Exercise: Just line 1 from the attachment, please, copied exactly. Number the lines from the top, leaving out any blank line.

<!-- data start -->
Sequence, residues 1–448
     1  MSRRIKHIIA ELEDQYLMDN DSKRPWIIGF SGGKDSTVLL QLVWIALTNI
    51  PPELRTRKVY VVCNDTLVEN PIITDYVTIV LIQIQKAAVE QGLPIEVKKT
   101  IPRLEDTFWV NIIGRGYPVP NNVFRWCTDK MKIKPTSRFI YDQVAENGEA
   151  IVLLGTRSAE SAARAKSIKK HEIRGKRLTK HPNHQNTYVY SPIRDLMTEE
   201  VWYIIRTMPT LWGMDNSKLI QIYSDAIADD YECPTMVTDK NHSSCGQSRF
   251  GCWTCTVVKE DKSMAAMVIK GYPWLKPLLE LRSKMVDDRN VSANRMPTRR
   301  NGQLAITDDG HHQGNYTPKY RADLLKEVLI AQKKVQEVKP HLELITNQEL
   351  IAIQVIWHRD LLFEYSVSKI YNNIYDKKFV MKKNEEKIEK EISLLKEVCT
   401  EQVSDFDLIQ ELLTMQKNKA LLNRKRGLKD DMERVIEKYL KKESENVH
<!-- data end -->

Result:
Sequence, residues 1–448